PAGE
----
This more general property of a band-limited signal (one with zero power outside a bandwidth ) goes by the name of the ``Shannon Sampling Theorem''. It states that a set of samples separated by is sufficient to reconstruct the signal. One can obtain a preliminary feel for the theorem by counting Fourier coefficients. The number of parameters defining our signal is twice the number of frequencies, (since we have an and a , or an and a , for each ). Hence the number of real values needed to specify our signal for a time is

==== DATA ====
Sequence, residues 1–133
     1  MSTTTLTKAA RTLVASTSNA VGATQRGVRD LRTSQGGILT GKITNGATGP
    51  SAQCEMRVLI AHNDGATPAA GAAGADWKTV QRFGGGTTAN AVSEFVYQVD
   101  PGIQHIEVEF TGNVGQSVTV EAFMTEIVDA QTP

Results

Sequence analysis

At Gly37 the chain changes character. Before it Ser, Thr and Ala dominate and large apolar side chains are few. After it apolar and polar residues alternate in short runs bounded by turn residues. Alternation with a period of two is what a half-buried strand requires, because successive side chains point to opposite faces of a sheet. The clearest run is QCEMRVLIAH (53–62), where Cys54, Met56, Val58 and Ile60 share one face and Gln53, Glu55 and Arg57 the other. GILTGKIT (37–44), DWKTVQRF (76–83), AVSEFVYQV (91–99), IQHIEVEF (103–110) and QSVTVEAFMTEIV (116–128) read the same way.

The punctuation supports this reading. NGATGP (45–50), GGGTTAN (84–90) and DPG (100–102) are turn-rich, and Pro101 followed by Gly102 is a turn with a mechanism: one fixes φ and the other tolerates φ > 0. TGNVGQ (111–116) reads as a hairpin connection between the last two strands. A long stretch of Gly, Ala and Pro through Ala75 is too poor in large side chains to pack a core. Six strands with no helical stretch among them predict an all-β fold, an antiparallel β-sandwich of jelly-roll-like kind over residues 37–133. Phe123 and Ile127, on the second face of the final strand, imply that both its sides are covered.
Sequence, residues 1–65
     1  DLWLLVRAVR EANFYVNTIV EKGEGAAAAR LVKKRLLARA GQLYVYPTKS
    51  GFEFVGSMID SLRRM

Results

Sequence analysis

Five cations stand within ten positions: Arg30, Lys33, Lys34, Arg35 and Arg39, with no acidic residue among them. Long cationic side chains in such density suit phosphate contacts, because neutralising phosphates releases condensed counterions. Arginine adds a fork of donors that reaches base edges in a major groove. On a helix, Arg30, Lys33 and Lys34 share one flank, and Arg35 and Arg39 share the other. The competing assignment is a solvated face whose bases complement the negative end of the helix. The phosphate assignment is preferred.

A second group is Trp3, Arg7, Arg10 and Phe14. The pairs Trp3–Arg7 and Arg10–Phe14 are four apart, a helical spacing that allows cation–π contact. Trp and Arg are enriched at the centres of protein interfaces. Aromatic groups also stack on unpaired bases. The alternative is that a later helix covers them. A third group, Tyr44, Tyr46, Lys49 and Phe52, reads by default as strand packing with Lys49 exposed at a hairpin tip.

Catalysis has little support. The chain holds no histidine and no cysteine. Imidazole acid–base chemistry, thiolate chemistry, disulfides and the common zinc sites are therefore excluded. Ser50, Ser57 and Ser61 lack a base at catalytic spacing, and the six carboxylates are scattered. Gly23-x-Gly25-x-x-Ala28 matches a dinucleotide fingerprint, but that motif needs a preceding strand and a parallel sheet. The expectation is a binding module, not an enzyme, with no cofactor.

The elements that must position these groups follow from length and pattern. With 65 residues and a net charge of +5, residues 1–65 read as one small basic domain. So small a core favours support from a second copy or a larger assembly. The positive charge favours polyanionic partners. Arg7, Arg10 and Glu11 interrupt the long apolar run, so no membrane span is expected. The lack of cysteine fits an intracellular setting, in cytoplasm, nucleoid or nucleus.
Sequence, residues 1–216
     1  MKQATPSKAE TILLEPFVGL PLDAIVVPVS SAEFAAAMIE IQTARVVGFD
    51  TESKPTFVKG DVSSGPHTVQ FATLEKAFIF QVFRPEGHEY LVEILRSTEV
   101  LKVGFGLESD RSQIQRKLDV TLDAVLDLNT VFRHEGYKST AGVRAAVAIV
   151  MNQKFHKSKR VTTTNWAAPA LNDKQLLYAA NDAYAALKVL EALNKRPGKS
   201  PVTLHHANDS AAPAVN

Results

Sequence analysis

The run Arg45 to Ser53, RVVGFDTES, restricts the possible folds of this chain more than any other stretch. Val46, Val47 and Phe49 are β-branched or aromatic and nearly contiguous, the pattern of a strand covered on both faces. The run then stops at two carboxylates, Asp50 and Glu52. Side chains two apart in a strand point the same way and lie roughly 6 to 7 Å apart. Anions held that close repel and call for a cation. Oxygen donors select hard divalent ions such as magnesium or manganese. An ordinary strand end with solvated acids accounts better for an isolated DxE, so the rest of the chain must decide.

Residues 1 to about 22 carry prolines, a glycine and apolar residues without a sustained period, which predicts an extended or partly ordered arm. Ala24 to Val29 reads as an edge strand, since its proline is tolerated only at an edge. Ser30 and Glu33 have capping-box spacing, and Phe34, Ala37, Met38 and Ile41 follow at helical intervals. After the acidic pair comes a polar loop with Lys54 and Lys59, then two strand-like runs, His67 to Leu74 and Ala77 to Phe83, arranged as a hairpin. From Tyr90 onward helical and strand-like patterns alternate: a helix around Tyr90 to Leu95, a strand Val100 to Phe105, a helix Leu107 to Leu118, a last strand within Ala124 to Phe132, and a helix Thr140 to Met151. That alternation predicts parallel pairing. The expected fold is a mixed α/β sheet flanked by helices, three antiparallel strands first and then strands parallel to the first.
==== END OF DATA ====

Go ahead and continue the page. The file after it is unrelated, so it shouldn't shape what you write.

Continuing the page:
This rate at which new real numbers need to be measured to keep pace with the signal is . The so called ``Nyquist sampling interval'' is therefore . A real proof (sketched in Section 1.8) would give a reconstruction of the signal from these samples!
In words, the Shannon criterion is two samples per cycle of the maximum frequency difference present. The usual intuition is that the centre frequency does not play a role in these considerations. It just acts a kind of rapid modulation which is completely known and one does not have to sample variations at this frequency. This intuition is consistent with radio engineers/astronomers fundamental right to move the centre frequency around by heterodyning1.2 with local (or even imported1.3) oscillators, but a more careful examination shows that the centre frequency should satisfy for the sampling at a rate to work.